Vietnam Association of Accountants and Auditors
Member | Established: 1994 | Member since 1998
VAA was established in 1994 as the first professional accountancy organization (PAO) in Vietnam under Decision 12-TTg by the Prime Minister of Vietnam and formally named as the Vietnam Association of Accountants and Auditors under Decision 35/2004/BNV as authorized by the Minister of Home Affairs. VAA’s objectives are to unite organizations and individuals involved in the accountancy practice to develop the profession; upgrade professional skills; uphold ethics for Vietnam’s management of economic and financial issues, and integration into the community of accountancy bodies around the world. Membership with VAA is voluntary. In addition to being a member of IFAC, VAA is a member of the ASEAN Federation of Accountants (AFA).
Statements of Membership Obligation (SMO)
The Statements of Membership Obligations form the basis of the IFAC Member Compliance Program. They serve as a framework for credible and high-quality professional accountancy organizations focused on serving the public interest by adopting, or otherwise incorporating, and supporting implementation of international standards and maintaining adequate enforcement mechanisms to ensure the professional behavior of their individual members.
SMO 1: Quality Assurance
In Vietnam, the Ministry of Finance (MOF) is responsible for administering quality assurance (QA) reviews. Prior to 2014, when the Vietnam Association of Certified Public Accountants was operating under the umbrella of VAA, the association was active in participating with the MOF when undertaking QA reviews. Activities included participating in reviews and providing input on policies related to QA. As of 2018, VAA is no longer involved in the activities of the MOF as related to QA unless requested to do so by the MOF.
Although VAA does not have a role with QA reviews, the association is active in other areas that supports the quality and conduct of its members; for example, providing guidance and training to members on MOF regulations around QA reviews.
In the next update of its SMO Action Plan, VAA is encouraged to consider addressing the following recommendations: (a) As the MOF is responsible for QA reviews, VAA is encouraged to consider ways to promote SMO 1 requirements to the MOF so that the existing system in Vietnam is aligned with international requirements; and (2) As there are members who are auditors, VAA is encouraged to consider how it can keep them up to date with current quality control standards through CPD offerings. Alongside this suggestion, VAA is encouraged to consider how it can reflect on the results and findings from the MOF QA reviews to tailor and develop specific CPD seminars and courses.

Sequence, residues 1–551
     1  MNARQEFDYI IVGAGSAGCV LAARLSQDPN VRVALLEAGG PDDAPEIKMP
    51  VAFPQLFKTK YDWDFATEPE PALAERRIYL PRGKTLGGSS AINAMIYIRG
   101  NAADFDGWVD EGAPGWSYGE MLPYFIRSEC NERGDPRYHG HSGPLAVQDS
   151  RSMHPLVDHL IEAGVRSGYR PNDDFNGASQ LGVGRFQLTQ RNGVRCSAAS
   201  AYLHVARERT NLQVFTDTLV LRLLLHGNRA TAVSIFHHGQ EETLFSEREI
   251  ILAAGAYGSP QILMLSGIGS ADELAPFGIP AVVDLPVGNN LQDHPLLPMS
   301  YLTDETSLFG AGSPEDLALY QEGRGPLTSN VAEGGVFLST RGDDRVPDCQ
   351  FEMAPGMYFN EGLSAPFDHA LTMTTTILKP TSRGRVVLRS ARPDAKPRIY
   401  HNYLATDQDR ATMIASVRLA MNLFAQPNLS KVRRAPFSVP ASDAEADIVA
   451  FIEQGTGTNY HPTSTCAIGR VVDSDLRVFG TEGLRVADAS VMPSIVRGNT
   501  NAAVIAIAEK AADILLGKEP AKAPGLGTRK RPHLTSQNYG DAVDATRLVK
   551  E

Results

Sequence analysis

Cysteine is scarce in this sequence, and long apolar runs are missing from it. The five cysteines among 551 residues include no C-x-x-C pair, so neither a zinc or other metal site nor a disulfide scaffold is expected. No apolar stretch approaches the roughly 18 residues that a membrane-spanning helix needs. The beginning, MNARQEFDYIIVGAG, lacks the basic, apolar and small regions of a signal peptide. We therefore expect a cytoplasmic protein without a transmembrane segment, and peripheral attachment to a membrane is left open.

SMO 2: International Education Standards
In Vietnam, the Ministry of Finance (MOF) is responsible for implementing initial professional development (IPD) and continuing professional development (CPD) requirements for all professional accountants. VAA has been accredited by the MOF to provide training courses for individuals who choose to become chief accountants, internal auditors, and management consultants. VAA monitors the fulfillment of CPD hours by its members and submits non-compliance to the MOF for further action and sanctions.
To support its members’ fulfillment of their CPD obligations, VAA has signed numerous memorandum of understanding (MoUs) with international professional accountancy organizations (PAOs) such as the Association of Certified Chartered Accountants (ACCA), CPA Australia, Chartered Institute of Management Accountants (CIMA), and Institute of Chartered Accountants of England and Wales (ICAEW) to develop and co-host CPD sessions and seminars. In addition, VAA reports that with the assistance of both ACCA and ICAEW, it is developing an accounting qualification called the Vietnamese Chartered Professional Accountant (VICPA).
Going forward, VAA reports that it will continue offering training programs and CPD and will seek to develop relationships with an increased number of foreign PAOs.
In the next update of its SMO Action Plan, VAA is encouraged to consider addressing the following recommendations: (1) Although VAA does not have direct authority in adopting education standards in Vietnam, it is encouraged to consider developing a plan to advocate and collaborate with VACPA and the MOF to support the formal recognition and incorporation of the IES requirements in the jurisdiction, especially the 2015 revised IES; (2) to support the aforementioned recommendation, VAA is encouraged to consider how it can adapt its current CPD programming to align with the learning- outcomes approach as recommended in the revised IES; and (3) VAA is encouraged to provide further information on the progress and scope in its collaboration with ACCA and ICAEW to develop the VICPA qualification, and report if this qualification incorporates the revised IES in its development.